Security in web development
The essential guide to secure web development
Developing secure and reliable cloud-based web applications is very, very difficult. If you think otherwise, you are either not of this world, or your life has not yet taught you a lesson.
If you have already become infected with the idea of a “minimum viable product”. And consider that in a month you can create both a useful and safe product – think twice before releasing it. After reviewing the checklist, you will realize that you leave a lot of vulnerabilities.
The least that can be done in such a situation is to honestly warn users that the product is still at the working prototype stage and full security is not yet guaranteed.
We have been developing secure web applications for over 4 years and have included in the list the most important issues we have encountered during this time.
- Store user identification data and confidential data (tokens, email addresses, payment details) in encrypted form.
- If the database supports encryption of stored data (for example, AWS Aurora), connect it to protect the data on the disk. Make sure all backups are also stored in encrypted form.
- Use the lowest privilege level to access user accounts in the database. Do not use the database root account.
- Store and distribute sensitive data using a keystore designed for this purpose. Do not use hardcode in applications.
- Prevent SQL injections using only prepared SQL queries. For example: if you use NPM, do not use npm-mysql, use npm-mysql2, which supports prepared expressions.
- Ensure that all application components are checked for vulnerabilities for each version transferred to production. These include O/S, libraries and packages. Verification should be automated during the CI-CD process (CI – continuous integration, CD – continuous delivery).
- Be equally vigilant about both the security of the development environment and the security of the production server. Create software in a secure, isolated development environment.
- Ensure that all passwords are hashed using an appropriate cryptographic function, for example, bcrypt. Never write your own hash function and correctly initialize the used cryptographic library with random data.
- Implement simple but adequate password rules that encourage users to enter long unique passwords.
- In all services, use multi-factor authentication to login.
- Make sure that DDoS attacks on your API will not harm the site. At a minimum, protect API bottlenecks, such as login and token generation procedures.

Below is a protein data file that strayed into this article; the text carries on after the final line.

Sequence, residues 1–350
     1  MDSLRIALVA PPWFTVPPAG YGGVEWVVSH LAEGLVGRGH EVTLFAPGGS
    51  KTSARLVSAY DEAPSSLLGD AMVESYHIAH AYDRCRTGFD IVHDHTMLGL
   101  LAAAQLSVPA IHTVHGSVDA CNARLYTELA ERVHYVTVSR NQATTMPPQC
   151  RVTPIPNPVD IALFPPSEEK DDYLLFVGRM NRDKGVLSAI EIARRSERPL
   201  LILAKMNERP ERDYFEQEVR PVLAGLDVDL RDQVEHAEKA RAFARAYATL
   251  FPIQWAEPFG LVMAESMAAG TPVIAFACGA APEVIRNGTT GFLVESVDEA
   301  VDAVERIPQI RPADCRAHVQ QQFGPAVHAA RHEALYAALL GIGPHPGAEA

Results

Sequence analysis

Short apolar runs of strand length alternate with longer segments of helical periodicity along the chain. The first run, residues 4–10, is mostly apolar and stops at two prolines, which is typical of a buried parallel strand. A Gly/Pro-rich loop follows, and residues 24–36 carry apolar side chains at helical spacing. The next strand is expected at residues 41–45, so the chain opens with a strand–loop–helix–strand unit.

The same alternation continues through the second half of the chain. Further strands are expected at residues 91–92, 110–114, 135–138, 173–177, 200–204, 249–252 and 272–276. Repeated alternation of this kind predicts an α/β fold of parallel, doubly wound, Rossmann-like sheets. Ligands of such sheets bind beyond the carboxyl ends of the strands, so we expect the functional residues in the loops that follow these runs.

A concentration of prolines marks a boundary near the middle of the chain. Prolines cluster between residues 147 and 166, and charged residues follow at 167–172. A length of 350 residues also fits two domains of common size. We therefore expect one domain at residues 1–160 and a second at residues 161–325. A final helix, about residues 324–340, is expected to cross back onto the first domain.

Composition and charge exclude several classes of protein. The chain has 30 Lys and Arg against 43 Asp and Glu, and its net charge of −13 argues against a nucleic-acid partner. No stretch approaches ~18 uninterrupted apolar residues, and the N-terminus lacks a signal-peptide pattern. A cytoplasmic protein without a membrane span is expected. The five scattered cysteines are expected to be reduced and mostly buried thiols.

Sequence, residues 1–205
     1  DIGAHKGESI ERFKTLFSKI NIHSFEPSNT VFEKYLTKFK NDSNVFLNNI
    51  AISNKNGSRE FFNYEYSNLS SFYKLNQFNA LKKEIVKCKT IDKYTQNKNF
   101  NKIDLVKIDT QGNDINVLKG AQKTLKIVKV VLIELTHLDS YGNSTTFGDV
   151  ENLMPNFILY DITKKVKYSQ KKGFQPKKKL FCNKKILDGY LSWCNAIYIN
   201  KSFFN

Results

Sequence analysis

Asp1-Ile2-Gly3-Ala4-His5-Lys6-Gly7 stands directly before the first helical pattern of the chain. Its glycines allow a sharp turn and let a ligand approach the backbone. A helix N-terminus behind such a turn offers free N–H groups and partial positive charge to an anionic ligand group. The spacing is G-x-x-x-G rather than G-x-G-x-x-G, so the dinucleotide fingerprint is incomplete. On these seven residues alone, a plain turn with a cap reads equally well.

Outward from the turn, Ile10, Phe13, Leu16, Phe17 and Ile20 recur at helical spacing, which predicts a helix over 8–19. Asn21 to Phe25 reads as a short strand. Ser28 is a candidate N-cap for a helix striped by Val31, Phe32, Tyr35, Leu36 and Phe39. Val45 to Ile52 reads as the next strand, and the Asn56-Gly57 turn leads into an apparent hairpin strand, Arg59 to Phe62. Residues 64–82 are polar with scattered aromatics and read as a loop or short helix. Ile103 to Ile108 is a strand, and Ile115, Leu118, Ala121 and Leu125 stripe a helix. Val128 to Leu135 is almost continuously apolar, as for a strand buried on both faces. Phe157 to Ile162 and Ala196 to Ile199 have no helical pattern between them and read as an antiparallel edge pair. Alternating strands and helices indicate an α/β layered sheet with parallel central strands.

- Provide reasonable limits on the size and structure of user provided data and queries.
- Reduce DDoS attacks with a global proxy caching service, for example, CloudFlare. It turns on when you are under a DDOS attack, and normally functions as a DNS lookup.
- Use TLS for the entire site, not just login and response forms. Never use TLS for a login form only.
- Cookies must be “secure” (secure) and httpOnly, and the scope must be determined by the attributes path and domain.
- Use Content Security Policy, avoiding unsafe backdoor. Flour with the settings are worth it.
- Use X-Frame-Option, X-XSS-Protection headers in client responses.
- Use the HSTS mechanism to force access via the TLS protocol. Redirect all HTTP requests to HTTPS on the server for backward compatibility.
- Use CSRF tokens in all forms and a new SameSite Cookie response header that captures CSRF one-time for all browsers.
- Ensure that there are no shared resources in the API.
- Make sure that when using your API, users are fully identified and authorized.
- Perform client side input verification for quick user feedback, but never trust it.
- Confirm every bit of user input using server whitelists. Never enter user content directly into the response. Never use user input in SQL queries.
- Make sure all services have the minimum number of open ports. While the principle of “security through obscurity” does not provide complete protection, the use of non-standard ports will make life a little harder for intruders.
- Place the backend base on private VPCs that are not visible on the public network. Be very careful when setting up AWS security groups and peer-to-peer VPCs – you can inadvertently make services public.
- Isolate logical services in separate VPCs and peer-to-peer VPCs for inter-service communication.
- Make sure that all services accept data only from the minimum set of IP addresses.
- Limit outgoing IP and port traffic to minimize APT and “bot”.
- Always use AWS IAM roles, not root credentials.
- Use minimum access rights for all employees and developers.
- Regularly change passwords and access keys in accordance with the schedule.
- Make sure that upgrades are done without downtime, and the software is updated automatically.
- Build your infrastructure with tools like Terraform, not through a cloud console. The infrastructure should be defined as a “code” and recreated at the touch of a button.
- Use centralized logging for all services. Do not use SSH to access or receive logs.
- Do not use SSH in services, except perhaps a one-time diagnostic. Regular use of SSH, as a rule, means that you have not automated everything as it should.
- Do not leave port 22 permanently open on any AWS service groups.
- Create immutable hosts instead of long-lived servers that you patch and update.
- Use an intrusion detection system to minimize APT.
- Shut down unused services and servers. The safest server is a shutdown server.
- Conduct an audit of both the project and the finished implementation.
- Perform a penetration test – hack yourself, and also ask someone else to hack you.
The main thing – plan
- Use threat modeling to see what you need to protect against. The model should list and prioritize potential threats and all possible actors.
- Create an incident plan. One day you will need it.